We have a tenant that rented a property through our agency and remains in the property. The tenant’s employer paid the deposit for the tenant by EFT and has proof thereof. The lease is in the name of the tenant. The tenant subsequently resigned from her employment and the employer would like to ensure that when the tenant leaves the rented property that the deposit is refunded to him, not the tenant. Can this be done?
In short, agents are obliged to repay deposits held in trust to the owner of that deposit thereof – who will always be the tenant, whose legal right of ownership of the money derives from the lease agreement – regardless of the actual source of the payment.
When the tenant’s employer transferred the deposit amount to the agent by EFT, he did so on the tenant’s behalf.
Once the amount was received and deposited in an interest-bearing account in accordance with the Rental Housing Act and Estate Agency Affairs Act, the funds became the property of the tenant and may only be released to the tenant (or utilised to repair damages or cover rental arrears etc.) upon expiry of the lease, in terms of the provisions of the aforesaid Acts and as stipulated in the lease itself.
It follows that the employer has no claim against the agent or the landlord for repayment, however, for sake of completeness, it warrants mentioning that the employer does appear to retain the right to pursue a claim against the tenant for repayment of monies lent and advanced in terms of an oral loan agreement between himself and the tenant. The fact that the loan amount was paid directly to a third party does not affect the nature of the underlying agreement.
To illustrate by analogy, consider a situation where a loan is made to cover a rental payment, and for convenience sake the amount is paid directly to the landlord. Would the employer pursue his claim in that case against the landlord, or would he accept that he is compelled to demand payment from the tenant? The same applies here – the fact that the deposit is being held in a trust account does not change the nature of their agreement, the terms of which neither the landlord nor the agent are a party.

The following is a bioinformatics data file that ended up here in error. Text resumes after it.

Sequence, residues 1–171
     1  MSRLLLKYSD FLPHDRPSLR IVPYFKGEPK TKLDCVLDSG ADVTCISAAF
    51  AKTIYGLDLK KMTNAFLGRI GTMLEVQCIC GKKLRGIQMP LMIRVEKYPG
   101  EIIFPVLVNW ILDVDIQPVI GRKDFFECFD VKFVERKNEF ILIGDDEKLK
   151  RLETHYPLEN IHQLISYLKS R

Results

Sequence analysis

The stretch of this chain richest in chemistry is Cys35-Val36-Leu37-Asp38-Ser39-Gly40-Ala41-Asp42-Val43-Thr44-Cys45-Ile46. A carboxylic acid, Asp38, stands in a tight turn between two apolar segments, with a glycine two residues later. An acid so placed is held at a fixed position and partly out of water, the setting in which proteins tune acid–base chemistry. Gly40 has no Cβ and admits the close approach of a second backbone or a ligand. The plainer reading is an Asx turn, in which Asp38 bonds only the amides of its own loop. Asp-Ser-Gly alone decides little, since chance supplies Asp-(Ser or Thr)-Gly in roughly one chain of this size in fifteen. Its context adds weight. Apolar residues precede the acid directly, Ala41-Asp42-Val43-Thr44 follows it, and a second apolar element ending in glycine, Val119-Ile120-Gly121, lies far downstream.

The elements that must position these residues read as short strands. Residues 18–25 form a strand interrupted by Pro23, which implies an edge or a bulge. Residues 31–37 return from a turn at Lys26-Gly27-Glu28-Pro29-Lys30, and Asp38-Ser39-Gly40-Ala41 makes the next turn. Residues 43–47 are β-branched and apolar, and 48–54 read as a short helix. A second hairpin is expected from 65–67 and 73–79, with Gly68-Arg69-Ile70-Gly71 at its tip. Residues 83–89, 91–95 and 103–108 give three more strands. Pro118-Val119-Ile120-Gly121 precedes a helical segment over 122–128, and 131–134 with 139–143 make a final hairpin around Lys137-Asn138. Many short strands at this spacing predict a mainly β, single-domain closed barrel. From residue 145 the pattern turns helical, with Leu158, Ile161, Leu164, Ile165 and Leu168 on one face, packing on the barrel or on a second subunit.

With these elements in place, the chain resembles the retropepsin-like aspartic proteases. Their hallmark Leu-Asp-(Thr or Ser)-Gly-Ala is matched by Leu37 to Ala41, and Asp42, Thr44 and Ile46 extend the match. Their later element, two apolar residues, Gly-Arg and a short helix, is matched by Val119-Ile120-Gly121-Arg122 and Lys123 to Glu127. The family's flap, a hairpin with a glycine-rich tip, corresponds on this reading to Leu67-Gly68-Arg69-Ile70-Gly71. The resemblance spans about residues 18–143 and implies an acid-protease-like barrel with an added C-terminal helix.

For what it’s worth, one might also argue in these circumstances that it was a tacit term of their loan agreement (unless the parties are shown to have expressly agreed otherwise) that repayment would only fall due after the tenant has vacated the property and the deposit has been refunded.
For this reason, there is no practical difference to the employer whether the repayment comes from the agent or the tenant, however the agent has a legal duty not to repay any amount to the employer unless the lease agreement expressly stipulates as such
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Who is Marlon Shevelew?
Marlon Shevelew is the director of Marlon Shevelew and Associates Inc. a law firm specialising in rental property, contractual, consumer and company law. The firm is the recipient of more than 45 international property law awards. Marlon is current author of PayProp’s rental documentation and preferred rental property attorney to the Institute of Estate Agents South Africa (IEASA), the Rental Housing Tribunal Western Cape and presenter of the Advanced Residential Property Law Seminar endorsed by the University of Cape Town. Marlon has featured on Cape Talk 567 and Property Matters on DStv, contributes as a guest expert to several property publications and was invited by Juta to write a book on rental property law, by LexisNexis Butterworths to edit its forms and precedents on rental property law and, on no less than three occasions, was invited by the Law Society of South Africa to lecture and train candidate attorneys and attorneys on rental property law. Marlon also created the unique Rental Retainer Club, RentDoc and LevyDoc which offers clients affordable legal fees for rental property and sectional title related matters. Marlon is contactable on firstname.lastname@example.org anytime for more information on these services.